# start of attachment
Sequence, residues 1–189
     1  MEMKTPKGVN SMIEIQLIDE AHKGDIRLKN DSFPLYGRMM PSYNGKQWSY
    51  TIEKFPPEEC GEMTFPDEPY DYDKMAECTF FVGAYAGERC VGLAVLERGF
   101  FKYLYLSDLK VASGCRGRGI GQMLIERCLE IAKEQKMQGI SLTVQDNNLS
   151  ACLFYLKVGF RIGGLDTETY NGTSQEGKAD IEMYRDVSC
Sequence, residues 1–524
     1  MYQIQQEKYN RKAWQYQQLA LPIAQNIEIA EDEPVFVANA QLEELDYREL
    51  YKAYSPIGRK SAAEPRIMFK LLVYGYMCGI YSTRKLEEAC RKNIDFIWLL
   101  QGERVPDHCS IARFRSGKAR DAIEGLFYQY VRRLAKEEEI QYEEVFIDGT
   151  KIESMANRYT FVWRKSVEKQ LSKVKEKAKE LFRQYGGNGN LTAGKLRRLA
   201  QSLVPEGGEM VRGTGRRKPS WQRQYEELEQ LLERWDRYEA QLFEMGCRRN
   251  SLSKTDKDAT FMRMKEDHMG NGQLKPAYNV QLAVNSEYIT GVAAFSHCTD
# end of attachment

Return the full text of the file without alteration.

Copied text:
Sequence, residues 1–189
     1  MEMKTPKGVN SMIEIQLIDE AHKGDIRLKN DSFPLYGRMM PSYNGKQWSY
    51  TIEKFPPEEC GEMTFPDEPY DYDKMAECTF FVGAYAGERC VGLAVLERGF
   101  FKYLYLSDLK VASGCRGRGI GQMLIERCLE IAKEQKMQGI SLTVQDNNLS
   151  ACLFYLKVGF RIGGLDTETY NGTSQEGKAD IEMYRDVSC
Sequence, residues 1–524
     1  MYQIQQEKYN RKAWQYQQLA LPIAQNIEIA EDEPVFVANA QLEELDYREL
    51  YKAYSPIGRK SAAEPRIMFK LLVYGYMCGI YSTRKLEEAC RKNIDFIWLL
   101  QGERVPDHCS IARFRSGKAR DAIEGLFYQY VRRLAKEEEI QYEEVFIDGT
   151  KIESMANRYT FVWRKSVEKQ LSKVKEKAKE LFRQYGGNGN LTAGKLRRLA
   201  QSLVPEGGEM VRGTGRRKPS WQRQYEELEQ LLERWDRYEA QLFEMGCRRN
   251  SLSKTDKDAT FMRMKEDHMG NGQLKPAYNV QLAVNSEYIT GVAAFSHCTD